A CLEAR split emerged within the Scottish Labour Party yesterday as three Labour-controlled authorities said they were maintaining the council tax freeze brought in by the SNP Government nearly 10 years ago.

South Lanarkshire, Renfrewshire and Inverclyde will freeze their basic council tax rate, which contrasts strongly with the country’s largest and second-largest Labour-run councils, Glasgow and Fife, which yesterday both voted for a 3 per cent rise.

Glasgow’s Labour budget was passed by 39 out of 72 councillors. The budget meeting heard that Fife’s ‘Enabling Change’ programme will see the loss of 300 jobs over the next three years. Other authorities such as SNP-controlled Angus and Midlothian have brought in a 3 per cent rise, but the differences between the Labour councils is striking.

One senior SNP councillor told The National: “Scottish Labour has once again got in a terrible muddle. How can Kezia Dugdale and others attack the Scottish Government for not giving councils enough money when Labour councils are not raising their council taxes, clearly indicating that they have got enough funding.”

All 32 councils have the power to raise the basic council tax bill by up to 3 per cent. This affects every band from A to H, but in all areas, bills in Bands E to H will rise by at least £2 to £10 a week on top of any 3 per cent local rises because of national changes to the system.

Other Labour-run councils such as Aberdeen and West Dunbartonshire have yet to decide on their budgets but indications are that the former will freeze its council tax rate while the latter will bring in the 3 per cent increase.

The Labour-led coalition that rules Falkirk Council has indicated a 3 per cent rise, but the Labour leader of West Lothian Council John McGinty yesterday proposed a 1 per cent increase in council tax to be voted on next Monday.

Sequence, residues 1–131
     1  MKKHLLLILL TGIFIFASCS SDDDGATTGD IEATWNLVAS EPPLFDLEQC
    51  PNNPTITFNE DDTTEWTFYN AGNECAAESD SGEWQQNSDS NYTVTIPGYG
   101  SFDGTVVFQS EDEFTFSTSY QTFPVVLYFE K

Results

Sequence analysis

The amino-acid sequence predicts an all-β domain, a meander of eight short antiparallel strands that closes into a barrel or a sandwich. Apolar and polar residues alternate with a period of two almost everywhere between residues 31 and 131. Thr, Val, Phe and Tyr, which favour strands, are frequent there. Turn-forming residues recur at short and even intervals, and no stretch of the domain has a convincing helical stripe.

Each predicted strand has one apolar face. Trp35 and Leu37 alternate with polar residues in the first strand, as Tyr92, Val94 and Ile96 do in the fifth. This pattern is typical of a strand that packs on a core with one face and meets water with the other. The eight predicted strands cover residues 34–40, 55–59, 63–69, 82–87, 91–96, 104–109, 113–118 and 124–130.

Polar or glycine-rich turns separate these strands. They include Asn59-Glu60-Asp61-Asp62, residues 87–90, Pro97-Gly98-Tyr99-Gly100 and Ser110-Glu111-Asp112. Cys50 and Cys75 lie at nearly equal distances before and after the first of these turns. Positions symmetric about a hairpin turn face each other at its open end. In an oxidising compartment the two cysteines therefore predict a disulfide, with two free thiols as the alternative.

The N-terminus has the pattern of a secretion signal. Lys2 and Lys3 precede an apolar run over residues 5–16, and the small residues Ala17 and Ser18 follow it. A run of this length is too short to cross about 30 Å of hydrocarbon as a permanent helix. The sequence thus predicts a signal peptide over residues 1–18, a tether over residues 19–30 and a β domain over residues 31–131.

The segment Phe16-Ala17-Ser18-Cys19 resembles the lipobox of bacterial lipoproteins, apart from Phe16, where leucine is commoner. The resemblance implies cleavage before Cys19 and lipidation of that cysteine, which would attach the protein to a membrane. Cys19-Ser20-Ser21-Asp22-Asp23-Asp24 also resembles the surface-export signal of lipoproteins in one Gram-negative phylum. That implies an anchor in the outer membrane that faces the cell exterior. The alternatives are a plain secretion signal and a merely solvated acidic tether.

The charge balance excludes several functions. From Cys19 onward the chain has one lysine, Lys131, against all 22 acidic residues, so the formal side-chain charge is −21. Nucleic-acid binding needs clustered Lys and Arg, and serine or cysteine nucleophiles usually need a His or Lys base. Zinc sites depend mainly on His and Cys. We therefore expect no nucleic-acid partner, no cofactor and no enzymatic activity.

He said: “Tax increases would fall far short of what is needed to plug our budget gap of £9.8million next year and other measures will be needed.

“We recognise that finances remain tight for families, not just councils. Just this week we have heard about increases in electricity and gas prices and inflation rising again to the highest level since 2014, with experts warning that inflation will rise to 2.7 per cent next year, this at a time when many residents are faced with below inflation rates of pay increases or no pay increase at all.

“Our aim in setting this budget will be to ensure that we find a balance between delivering services and supporting local families.”

West Lothian said in a statement that staffing numbers will reduce by 61.9 full-time equivalent staff members (FTE) which equates to less than 1 per cent of the total workforce.

The council added: “This will be done without the need for compulsory redundancies as staffing reductions will be achieved through effective workforce planning such as retirements, end of some fixed term contracts and staff turnover. The council currently has a no compulsory redundancy position and will maintain that position in 2017/18."